The FLUgitives Campaign Encourages More Americans to Get Their Annual Flu Shot

 

This national campaign rounds up #FLUgitives, people who have not been vaccinated against the flu yet this season, and encourages them to turn themselves in to their healthcare provider to learn more about the seriousness of influenza and their available vaccine options. One option is Fluzone® Intradermal vaccine, which uses a next-generation device with a tiny needle to quickly deliver flu vaccine just under the skin’s surface.
 

  • Each year in the U.S., 1 in 5 people, or up to 20 percent of the population, gets the flu and an estimated 226,000 people are hospitalized from influenza-related complications. [i] [ii]
  • Research has shown that social influences are a primary factor in the adoption of health behaviors.[iii],[iv],[v],[vi] The FLUgitives campaign leverages the positive power of social peer influence to drive more people to help protect themselves against the flu by getting vaccinated and features four #FLUgitives whom everyone might know – or may even relate to themselves:
    • The Scaredy Cat, whose anxiety about everything delays him getting a vaccine he knows he needs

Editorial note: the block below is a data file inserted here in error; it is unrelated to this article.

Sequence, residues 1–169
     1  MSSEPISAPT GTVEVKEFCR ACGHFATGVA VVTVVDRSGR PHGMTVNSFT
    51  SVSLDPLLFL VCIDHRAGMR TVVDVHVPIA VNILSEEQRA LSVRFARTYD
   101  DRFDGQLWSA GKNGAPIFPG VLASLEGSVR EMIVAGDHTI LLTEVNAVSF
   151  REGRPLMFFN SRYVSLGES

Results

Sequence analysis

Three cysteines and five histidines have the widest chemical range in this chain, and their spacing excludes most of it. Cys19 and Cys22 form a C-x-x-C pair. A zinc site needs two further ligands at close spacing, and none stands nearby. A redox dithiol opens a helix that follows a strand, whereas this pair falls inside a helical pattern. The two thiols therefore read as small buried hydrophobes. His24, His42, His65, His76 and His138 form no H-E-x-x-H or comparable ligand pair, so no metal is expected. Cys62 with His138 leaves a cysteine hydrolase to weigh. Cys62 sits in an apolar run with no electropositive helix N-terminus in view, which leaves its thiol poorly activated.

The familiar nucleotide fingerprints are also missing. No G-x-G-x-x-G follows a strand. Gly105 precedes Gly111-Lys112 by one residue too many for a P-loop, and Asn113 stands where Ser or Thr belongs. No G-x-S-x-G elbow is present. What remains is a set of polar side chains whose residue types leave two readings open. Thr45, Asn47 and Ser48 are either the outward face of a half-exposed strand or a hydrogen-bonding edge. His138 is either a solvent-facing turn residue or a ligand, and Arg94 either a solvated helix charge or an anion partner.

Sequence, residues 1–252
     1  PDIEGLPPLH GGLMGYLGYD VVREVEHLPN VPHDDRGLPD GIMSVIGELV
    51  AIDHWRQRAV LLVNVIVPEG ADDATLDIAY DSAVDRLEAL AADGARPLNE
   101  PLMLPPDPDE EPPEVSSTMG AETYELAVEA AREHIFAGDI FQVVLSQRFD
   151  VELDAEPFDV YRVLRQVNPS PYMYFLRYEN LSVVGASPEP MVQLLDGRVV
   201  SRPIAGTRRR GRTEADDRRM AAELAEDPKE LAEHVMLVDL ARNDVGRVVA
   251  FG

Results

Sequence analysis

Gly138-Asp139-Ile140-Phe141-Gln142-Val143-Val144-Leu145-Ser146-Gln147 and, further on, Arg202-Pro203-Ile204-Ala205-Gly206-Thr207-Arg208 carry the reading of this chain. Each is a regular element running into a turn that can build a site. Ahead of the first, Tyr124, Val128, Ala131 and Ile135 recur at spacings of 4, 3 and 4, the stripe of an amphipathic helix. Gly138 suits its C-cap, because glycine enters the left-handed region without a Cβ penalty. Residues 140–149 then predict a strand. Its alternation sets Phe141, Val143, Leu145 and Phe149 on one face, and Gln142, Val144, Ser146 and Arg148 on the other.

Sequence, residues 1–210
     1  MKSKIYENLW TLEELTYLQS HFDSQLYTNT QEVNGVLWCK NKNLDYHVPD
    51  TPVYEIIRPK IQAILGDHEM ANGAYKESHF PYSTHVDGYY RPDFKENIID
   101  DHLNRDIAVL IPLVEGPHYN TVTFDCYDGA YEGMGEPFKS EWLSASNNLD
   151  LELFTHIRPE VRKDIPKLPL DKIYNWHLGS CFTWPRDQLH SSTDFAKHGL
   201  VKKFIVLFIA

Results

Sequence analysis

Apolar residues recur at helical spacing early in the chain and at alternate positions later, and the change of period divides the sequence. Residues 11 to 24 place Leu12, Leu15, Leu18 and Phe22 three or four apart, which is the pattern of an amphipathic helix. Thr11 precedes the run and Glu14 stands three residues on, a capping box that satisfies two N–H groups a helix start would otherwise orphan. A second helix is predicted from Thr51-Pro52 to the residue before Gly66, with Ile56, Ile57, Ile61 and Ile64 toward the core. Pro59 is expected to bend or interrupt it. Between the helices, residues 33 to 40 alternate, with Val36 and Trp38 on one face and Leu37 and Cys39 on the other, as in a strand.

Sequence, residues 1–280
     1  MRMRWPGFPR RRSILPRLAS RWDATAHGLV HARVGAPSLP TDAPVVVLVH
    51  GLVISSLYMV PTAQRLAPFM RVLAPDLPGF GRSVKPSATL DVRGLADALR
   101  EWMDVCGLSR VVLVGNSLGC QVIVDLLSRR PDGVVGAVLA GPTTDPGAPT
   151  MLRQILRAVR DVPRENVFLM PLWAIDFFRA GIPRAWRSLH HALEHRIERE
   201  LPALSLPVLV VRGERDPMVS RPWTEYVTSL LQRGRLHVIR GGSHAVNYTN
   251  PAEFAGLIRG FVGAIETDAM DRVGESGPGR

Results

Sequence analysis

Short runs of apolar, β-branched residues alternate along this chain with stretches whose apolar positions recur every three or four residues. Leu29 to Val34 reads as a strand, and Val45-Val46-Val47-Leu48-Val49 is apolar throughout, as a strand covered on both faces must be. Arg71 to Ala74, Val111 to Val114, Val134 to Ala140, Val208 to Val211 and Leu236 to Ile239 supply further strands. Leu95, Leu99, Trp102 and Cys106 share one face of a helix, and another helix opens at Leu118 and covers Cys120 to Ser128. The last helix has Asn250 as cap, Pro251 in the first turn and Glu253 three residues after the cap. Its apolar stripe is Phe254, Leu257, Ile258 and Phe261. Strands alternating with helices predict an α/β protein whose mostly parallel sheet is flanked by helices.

• The Turbo Mom, whose hectic schedule leaves little time for focusing on her own health
    • The Latest and Greatest Guy, who wants the newest version of everything, but has yet to learn about the latest in vaccine-delivery technology
    • The Fitness Fanatic, who puts his workout before anything else – including his health
  • #FLUgitives can turn themselves or others in by visiting the campaign Facebook page at www.FLUgitives.com.  There, they can access and share humorous and informational videos to encourage other #FLUgitives to get their yearly flu vaccination. They can also see just how bad they and their friends could look if they get the flu by using the FLUify™ photo app at www.FLUgitives.com/fluify

 

 


[i] CDC. Prevention and control of influenza with vaccines:  recommendations of the Advisory Committee on Immunization Practices (ACIP), 2011. MMWR. 2011;60(30):1128-1132. Accessed June 19, 2013. Available at http://www.cdc.gov/mmwr/preview/mmwrhtml/mm6033a3.htm.

[ii] CDC. Estimates of deaths associated with seasonal influenza – United States, 1976-2007. MMWR. 2010;59(33):1057-1062. Accessed June 19, 2013.  Available at: http://www.cdc.gov/mmwr/preview/mmwrhtml/mm5933a1.htm

[iii] Smith K, Christakis N. Social networks and health. Annu Rev Sociol. 2008;34:405–429.

[iv] Centola D. Social media and the science of health behavior. Circulation. 2013;127:2135-2144.

[v] B. Nyhan et al. The Role of Social Networks in Influenza Vaccine Attitudes and Intentions Among College Students in the Southeastern United States. Journal of Adolescent Health, 2012; 51(2012): 302-304.

[vi] Centola D. The spread of behavior in an online social network experiment. Science. 2010;329:1194–1197.

 

Date: 
Thursday, September 19, 2013